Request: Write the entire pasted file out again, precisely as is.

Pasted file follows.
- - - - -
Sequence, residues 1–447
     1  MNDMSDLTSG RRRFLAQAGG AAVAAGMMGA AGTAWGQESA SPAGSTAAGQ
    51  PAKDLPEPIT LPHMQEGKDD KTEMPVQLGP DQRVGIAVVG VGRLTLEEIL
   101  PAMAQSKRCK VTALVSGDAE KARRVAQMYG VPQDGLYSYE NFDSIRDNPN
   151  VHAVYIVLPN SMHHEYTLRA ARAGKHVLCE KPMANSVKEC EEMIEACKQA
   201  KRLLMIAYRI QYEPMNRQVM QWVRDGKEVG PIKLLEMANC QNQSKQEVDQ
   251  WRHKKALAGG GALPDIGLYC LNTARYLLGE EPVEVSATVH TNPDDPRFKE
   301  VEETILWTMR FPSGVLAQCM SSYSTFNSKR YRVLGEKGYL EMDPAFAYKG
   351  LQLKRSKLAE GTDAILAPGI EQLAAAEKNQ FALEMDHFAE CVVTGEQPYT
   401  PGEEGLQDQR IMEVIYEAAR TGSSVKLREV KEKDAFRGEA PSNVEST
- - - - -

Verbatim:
Sequence, residues 1–447
     1  MNDMSDLTSG RRRFLAQAGG AAVAAGMMGA AGTAWGQESA SPAGSTAAGQ
    51  PAKDLPEPIT LPHMQEGKDD KTEMPVQLGP DQRVGIAVVG VGRLTLEEIL
   101  PAMAQSKRCK VTALVSGDAE KARRVAQMYG VPQDGLYSYE NFDSIRDNPN
   151  VHAVYIVLPN SMHHEYTLRA ARAGKHVLCE KPMANSVKEC EEMIEACKQA
   201  KRLLMIAYRI QYEPMNRQVM QWVRDGKEVG PIKLLEMANC QNQSKQEVDQ
   251  WRHKKALAGG GALPDIGLYC LNTARYLLGE EPVEVSATVH TNPDDPRFKE
   301  VEETILWTMR FPSGVLAQCM SSYSTFNSKR YRVLGEKGYL EMDPAFAYKG
   351  LQLKRSKLAE GTDAILAPGI EQLAAAEKNQ FALEMDHFAE CVVTGEQPYT
   401  PGEEGLQDQR IMEVIYEAAR TGSSVKLREV KEKDAFRGEA PSNVEST